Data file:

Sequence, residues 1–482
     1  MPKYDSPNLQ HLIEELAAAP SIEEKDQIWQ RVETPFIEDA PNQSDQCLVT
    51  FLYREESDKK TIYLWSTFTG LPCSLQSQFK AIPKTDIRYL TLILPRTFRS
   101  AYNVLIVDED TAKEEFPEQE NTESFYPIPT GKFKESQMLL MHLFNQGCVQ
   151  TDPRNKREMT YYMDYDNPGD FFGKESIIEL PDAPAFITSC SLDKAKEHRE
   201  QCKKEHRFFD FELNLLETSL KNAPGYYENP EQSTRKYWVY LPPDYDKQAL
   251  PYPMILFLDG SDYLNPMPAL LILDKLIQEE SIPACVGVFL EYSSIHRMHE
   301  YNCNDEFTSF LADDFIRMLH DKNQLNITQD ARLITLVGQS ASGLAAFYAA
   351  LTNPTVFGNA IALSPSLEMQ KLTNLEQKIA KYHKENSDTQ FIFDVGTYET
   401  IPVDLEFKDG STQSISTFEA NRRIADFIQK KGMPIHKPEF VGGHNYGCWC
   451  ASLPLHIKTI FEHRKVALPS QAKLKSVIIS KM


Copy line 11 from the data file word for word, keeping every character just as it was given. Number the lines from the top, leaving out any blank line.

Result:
   451  ASLPLHIKTI FEHRKVALPS QAKLKSVIIS KM